Planned at the height of Roger's popularity, a New York Times article described the land--"This will be a kind of Toontown, where - as in the movie - only cartoon characters may live." It would look like the cartoon studio buildings featured in the film with all the cartoon peculiarities like boxes of TNT, grand pianos hanging above the sidewalk and Roger-shaped holes in the walls.
Adjacent to the Red Car Trolleys that were planned for the expanded Sunset Boulevard, the Terminal Bar would have been a recreation of the bar from the film, transformed into a working eatery.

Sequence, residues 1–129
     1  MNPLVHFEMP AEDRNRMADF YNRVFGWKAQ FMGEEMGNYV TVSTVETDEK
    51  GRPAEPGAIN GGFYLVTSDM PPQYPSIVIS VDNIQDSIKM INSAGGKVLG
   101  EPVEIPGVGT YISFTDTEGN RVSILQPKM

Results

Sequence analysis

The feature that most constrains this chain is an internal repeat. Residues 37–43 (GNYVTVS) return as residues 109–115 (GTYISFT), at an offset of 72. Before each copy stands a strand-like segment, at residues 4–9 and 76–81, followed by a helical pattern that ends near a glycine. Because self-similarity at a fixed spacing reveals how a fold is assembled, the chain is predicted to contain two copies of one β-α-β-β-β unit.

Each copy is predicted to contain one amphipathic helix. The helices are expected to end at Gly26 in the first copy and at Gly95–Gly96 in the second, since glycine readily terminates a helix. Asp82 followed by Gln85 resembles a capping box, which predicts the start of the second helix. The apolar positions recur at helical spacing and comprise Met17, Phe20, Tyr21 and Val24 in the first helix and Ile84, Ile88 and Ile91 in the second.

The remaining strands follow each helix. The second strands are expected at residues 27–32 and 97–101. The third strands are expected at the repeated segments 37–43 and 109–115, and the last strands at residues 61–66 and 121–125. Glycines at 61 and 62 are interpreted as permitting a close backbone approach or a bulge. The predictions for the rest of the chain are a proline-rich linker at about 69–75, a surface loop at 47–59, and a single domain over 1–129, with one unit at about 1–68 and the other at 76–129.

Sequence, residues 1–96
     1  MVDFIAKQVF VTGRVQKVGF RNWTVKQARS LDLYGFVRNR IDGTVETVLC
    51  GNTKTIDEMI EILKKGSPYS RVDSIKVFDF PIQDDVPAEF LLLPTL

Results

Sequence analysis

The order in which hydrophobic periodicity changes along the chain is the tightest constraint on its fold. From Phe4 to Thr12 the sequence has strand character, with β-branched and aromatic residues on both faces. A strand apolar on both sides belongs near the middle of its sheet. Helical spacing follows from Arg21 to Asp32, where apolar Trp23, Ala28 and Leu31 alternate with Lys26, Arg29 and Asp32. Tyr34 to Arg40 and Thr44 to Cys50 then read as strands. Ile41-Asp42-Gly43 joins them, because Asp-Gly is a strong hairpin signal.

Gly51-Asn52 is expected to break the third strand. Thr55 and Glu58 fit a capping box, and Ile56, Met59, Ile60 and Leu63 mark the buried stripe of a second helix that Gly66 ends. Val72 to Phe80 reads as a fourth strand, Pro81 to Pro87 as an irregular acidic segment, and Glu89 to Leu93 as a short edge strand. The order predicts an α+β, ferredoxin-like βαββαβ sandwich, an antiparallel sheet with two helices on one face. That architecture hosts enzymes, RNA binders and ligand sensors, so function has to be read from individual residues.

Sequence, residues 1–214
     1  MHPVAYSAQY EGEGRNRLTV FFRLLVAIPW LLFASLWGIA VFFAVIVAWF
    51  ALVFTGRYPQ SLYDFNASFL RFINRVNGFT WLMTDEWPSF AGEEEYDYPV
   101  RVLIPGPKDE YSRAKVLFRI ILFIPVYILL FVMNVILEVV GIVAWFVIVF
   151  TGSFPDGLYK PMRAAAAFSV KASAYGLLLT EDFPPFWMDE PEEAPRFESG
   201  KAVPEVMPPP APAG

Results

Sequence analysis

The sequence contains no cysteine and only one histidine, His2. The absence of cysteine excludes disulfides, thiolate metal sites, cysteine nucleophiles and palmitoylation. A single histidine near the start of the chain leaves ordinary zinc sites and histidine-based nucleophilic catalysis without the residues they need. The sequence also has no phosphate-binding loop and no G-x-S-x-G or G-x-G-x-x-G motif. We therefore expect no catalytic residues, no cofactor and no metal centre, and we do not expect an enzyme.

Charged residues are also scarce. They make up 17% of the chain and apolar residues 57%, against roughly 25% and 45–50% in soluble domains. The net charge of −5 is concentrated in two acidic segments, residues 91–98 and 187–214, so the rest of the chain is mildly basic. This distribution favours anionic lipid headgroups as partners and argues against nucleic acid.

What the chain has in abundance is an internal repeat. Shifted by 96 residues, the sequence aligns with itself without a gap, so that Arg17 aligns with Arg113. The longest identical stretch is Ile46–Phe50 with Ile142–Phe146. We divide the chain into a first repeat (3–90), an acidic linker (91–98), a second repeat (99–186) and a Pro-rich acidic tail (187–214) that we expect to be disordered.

Inside the studio, guests would have had a choice of three planned attractions--Toontown Trolley (a simulator ride through Toontown with Roger as the guests' guide), Benny the Cab (a dark ride that later evolved into Roger Rabbit's Car Toon Spin), and Baby Herman's Runaway Baby Buggy Ride (a ride based on the short Tummy Trouble).
Unfortunately, Disney and Amblin Entertainment (Steven Spielberg's company that co-financed the film) got into an argument over the rights to the character. No new films were produced and the popularity of the character waned, decreasing the desire for a Roger Rabbit attraction.
Although the east coast Roger Rabbit attractions were never built, Disney did build Roger Rabbit's Car Toon Spin at Disneyland and Tokyo Disneyland.